3 Sports Business Lessons From NASA’s Curiosity Broadcast

Tuning in to the NASA live broadcast of the Curiosity mission was both a lesson in space exploration as well as marketing and business for a few reasons:

1. Simplicity

I connected to the NASA live stream based on a link going around Twitter and immediately saw the broadcast. No apps. No clicking to authorize my service. No calling my cable company to upgrade my cable. One click and I was watching a live stream of one of the more groundbreaking  space expeditions in our nation’s history. It was a very simple process to watch a historic moment.

Beyond that, NASA (and others involved) even branded a segment of the flight known as the “7 Minutes of Terror”. I’m not a rocket scientist. I don’t know many aeronautical terms. I do know that “7 Minutes of Terror” sounds like 7 minutes of a space exploration that I should probably be tuned in for though. NASA took a complicated Mars landing process and simplified it into something that may intrigue consumers: “7 Minutes of Terror”.

2. Social Proof

Social proof is the idea that people are influenced by the actions of others as they assume it is the recommended behavior for a given situation. The USTREAM feed (as all of their feeds do) showed statistics about the number of people watching. NBC has done that on a few live streams I have seen but not on others (such as the Canada vs. USA soccer match). While some may think this is a bad thing, the NASA site to view photos crashed, but they addressed this on air by explaining there were too many people watching. Similar to the famous infomercial line “if phone lines are busy, please call back again”, it hints that viewing photos (and the broadcast) is the recommended behavior.

3. Transparency

The broadcast was surprisingly transparent to the point of live interviews with important members of the Curiosity team and video of the control room. Given the transparency, it led the public to create nicknames for  various people (such as “Mohawk Guy”)  in the control room. The broadcast brought in experts, who were part of the mission, to explain aspects of the mission. Responses weren’t canned, prepared, etc…it was simply raw emotion and excitement for the world to see. There were hugs. There were tears. NASA opened the door to allow the public a glimpse of how the entire process works. While sports broadcasts often show the players, it was essentially the equivalent of a live stream from the dugout, bullpen, general manager suite, and stadium operations room.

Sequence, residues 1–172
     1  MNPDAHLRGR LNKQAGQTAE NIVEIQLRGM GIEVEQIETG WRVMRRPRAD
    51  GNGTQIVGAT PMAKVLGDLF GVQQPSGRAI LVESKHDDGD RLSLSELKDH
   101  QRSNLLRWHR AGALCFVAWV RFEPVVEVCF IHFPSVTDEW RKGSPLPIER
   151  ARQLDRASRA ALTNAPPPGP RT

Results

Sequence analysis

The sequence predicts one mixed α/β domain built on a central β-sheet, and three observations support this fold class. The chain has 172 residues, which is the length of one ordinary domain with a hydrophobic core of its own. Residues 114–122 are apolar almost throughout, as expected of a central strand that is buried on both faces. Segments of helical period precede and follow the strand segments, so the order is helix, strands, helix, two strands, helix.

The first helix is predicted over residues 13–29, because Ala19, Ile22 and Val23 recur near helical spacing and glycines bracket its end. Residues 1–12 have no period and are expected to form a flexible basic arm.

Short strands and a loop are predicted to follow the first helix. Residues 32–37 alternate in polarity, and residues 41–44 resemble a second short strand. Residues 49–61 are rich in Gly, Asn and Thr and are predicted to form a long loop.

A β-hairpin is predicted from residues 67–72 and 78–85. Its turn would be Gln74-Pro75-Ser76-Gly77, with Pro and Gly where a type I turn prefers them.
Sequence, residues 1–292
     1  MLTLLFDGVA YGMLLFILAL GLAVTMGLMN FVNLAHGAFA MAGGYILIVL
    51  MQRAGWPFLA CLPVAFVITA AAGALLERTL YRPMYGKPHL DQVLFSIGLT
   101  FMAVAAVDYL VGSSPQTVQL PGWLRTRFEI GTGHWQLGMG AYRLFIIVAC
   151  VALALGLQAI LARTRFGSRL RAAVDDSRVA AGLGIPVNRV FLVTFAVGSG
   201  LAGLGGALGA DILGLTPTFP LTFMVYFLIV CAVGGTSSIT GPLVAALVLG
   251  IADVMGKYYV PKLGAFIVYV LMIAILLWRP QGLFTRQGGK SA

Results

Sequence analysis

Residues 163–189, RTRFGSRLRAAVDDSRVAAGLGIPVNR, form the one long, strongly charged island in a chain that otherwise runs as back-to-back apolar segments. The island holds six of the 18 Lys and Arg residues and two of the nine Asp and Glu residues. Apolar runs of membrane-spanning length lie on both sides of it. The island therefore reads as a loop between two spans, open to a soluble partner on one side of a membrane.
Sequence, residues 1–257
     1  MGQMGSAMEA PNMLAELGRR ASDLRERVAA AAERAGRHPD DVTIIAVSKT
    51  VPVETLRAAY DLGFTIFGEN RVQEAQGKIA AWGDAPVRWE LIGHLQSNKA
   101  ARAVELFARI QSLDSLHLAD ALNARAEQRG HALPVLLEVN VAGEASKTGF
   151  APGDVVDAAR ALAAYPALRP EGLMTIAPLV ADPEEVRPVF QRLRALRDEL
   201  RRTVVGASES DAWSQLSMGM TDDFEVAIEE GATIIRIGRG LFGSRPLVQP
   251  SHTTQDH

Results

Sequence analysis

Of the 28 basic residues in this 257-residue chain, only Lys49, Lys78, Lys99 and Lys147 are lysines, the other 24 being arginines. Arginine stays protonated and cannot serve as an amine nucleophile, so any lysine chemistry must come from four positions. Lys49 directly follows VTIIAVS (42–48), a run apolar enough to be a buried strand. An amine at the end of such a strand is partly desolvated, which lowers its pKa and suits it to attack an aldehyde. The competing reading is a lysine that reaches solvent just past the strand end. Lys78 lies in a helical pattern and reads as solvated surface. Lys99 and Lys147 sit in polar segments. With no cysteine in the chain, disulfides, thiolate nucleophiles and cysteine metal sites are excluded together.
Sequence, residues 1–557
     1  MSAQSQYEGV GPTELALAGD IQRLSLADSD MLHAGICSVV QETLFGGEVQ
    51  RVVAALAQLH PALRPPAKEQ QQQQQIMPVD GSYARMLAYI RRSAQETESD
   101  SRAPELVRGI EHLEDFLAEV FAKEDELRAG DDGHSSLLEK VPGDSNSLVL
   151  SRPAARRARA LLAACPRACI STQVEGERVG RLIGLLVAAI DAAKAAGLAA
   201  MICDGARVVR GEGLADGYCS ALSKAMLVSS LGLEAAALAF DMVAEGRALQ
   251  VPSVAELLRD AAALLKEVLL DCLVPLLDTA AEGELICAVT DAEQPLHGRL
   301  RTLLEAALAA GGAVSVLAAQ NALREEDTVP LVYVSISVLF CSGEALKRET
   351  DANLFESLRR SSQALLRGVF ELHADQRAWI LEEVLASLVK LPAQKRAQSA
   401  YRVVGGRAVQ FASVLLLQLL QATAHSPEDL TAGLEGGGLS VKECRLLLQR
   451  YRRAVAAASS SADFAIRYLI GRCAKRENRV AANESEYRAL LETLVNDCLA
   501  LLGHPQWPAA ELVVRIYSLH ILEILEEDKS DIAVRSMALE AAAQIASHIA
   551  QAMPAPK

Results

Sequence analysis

Takeaway 

One argument is the financial models (NBC paid $1.8 billion for Olympics & Curiosity cost about $2.5 billion) and magnitude of the events (sporting events versus space exploration) are different and thus comparisons aren’t fair. That’s not the point though. The NASA broadcast, which had built in psychological components, could work in sports business too.

  • What if sports organizations simplified the ticket buying or viewing process?
  • What if sports teams shared the number of viewers watching the game or the number of tickets sold in real time?
  • What if teams opened the door just a bit more to allow fans a better glimpse of the sports and team process?

Let me know what you think in the comments.

4 comments

    • Thanks, Dan! I was very impressed with the NASA live broadcast last night and thought there were some lessons, based on consumer behavior and psychology, that could apply in marketing and sports business.

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  • I think the business of sport is starting to realize this as well. The Golden State Warriors experimented with this in June’d draft (http://mashable.com/2012/06/28/nba-draft-warriors/). However, there is still a lot of room for improvement. I believe that there is a huge opportunity in this to create other sources of revenue streams, i.e. sponsors and/or advertising. Nonetheless this is a very interesting article!

    Like

    • Thanks for the comment, Eric! I’m a big fan of several things the Golden State Warriors do!

      Like

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